Sometimes, in life, we stumble upon things that move us deeply. Simplicity, kindness, beauty, size. I’ve always liked to look for inspiration and I love feeling, that stir, that comes along with being moved. It makes you want something bigger than yourself and it brings all of your issues and problems into perspective.
Recently, I was fortunate enough to pick up a copy of Greg Mortenson’s Three Cups of Tea at a book club book swap. It has been on my “to-read” list for about four years and I was excited at the chance to mark another book off the list. The subject matter teetered on my areas of interest (the Middle East) and I found the gist of the storyline (building schools for underprivileged children, especially girls, in Pakistan and Afghanistan) intriguing.
I was expecting to enjoy the book, but I was blown away. I’m not sure if I can adequately put into words how I felt about this book.
Mortenson, a mountain climber, winds up in a poor area of Pakistan by accident after a failed climb. This series of seemingly random events transform his life and the lives of villages across Pakistan and Afghanistan. Three Cups of Tea tells the story of his mission to bring education to some of the least privileged people in the world.
His travels take him far from the “civilized” world that we are comfortable in and, toward the conclusion of the book, directly into the heart of the start of the War on Terror. He holds that the solution to the Taliban and other forms of extremism is to provide accessible education. So many children enter strictly religious madrassas that, in some cases, teach the hatred of America and terrorism that bring us extremism and violence. With more of Mortenson’s schools, more children would have the chance to receive an education without indoctrination or dogma.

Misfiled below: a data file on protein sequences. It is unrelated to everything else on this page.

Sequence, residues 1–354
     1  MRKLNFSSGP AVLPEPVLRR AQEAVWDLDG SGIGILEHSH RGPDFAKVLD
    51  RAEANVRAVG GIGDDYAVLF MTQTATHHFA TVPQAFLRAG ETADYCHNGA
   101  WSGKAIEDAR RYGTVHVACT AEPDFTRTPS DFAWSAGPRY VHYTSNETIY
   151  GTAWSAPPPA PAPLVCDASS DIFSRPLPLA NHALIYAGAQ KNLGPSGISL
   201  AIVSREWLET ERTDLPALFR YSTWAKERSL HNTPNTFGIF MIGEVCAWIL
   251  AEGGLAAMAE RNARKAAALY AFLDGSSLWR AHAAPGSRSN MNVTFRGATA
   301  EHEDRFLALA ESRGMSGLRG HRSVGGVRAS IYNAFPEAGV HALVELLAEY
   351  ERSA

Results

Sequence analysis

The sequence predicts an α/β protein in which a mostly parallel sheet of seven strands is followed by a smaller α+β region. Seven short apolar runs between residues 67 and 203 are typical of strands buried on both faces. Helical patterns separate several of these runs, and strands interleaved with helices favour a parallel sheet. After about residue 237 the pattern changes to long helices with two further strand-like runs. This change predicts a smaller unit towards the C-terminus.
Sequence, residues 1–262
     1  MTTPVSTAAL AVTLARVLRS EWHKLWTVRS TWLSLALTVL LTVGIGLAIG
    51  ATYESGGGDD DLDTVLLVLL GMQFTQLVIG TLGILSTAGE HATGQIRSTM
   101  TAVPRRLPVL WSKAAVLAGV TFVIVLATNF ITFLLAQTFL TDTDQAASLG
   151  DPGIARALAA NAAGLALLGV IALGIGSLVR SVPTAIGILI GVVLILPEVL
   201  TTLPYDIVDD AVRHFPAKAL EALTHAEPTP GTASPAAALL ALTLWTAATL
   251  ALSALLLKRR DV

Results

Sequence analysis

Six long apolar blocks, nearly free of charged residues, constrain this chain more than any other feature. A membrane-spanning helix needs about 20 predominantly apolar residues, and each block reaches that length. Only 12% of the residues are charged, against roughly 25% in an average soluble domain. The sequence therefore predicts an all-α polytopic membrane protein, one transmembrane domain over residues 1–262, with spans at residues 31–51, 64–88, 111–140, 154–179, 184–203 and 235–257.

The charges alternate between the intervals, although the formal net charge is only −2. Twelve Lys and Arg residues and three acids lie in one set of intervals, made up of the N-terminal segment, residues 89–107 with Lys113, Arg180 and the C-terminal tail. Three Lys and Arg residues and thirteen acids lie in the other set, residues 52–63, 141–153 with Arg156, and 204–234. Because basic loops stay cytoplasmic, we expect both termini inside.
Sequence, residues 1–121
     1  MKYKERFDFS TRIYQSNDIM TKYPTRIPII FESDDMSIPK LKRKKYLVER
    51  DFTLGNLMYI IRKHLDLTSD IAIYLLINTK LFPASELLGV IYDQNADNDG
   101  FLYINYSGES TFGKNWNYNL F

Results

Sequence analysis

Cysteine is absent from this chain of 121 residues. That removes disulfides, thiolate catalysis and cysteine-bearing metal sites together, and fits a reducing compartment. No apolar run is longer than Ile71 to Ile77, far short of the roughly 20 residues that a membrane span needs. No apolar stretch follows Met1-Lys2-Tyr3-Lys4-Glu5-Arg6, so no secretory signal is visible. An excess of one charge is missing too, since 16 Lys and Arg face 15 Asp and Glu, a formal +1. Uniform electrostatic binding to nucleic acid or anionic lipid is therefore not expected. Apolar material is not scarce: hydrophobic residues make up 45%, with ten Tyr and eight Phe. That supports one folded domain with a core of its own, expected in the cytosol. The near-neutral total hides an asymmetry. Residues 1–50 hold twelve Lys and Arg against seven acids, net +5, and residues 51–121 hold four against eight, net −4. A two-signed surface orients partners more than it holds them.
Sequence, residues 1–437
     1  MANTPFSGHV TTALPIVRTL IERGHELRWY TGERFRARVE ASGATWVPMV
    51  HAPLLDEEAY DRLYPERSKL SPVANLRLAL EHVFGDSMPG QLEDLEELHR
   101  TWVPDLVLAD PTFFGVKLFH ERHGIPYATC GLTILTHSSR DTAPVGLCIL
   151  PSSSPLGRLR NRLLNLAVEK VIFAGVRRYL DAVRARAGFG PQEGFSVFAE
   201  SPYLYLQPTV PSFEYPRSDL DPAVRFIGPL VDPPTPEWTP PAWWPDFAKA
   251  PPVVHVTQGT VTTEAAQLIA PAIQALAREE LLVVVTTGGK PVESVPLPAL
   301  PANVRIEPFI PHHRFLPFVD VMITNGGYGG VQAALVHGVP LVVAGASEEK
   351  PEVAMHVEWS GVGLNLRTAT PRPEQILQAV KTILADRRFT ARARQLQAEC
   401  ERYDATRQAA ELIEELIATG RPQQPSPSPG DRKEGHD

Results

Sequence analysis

These schools are not “pro-America” and they do not teach our religion or values. They provide an unbiased, fair education to children that otherwise may not receive it. Mortenson also worked to build bridges (literally), community centers for women, and medical centers to help reduce the alarmingly high numbers of preventable deaths. This is a man on a wonderful mission, and I am moved.
Please, please do not judge this book based on my review – go out and get a copy for yourself!
If you want to help in a more tangible way, visit the book’s web site or purchase the book using this link. Any purchase (of the book or otherwise) from Amazon using the link above gives Mortenson’s organization (CAI – Central Asia Institute) 7% of the proceeds.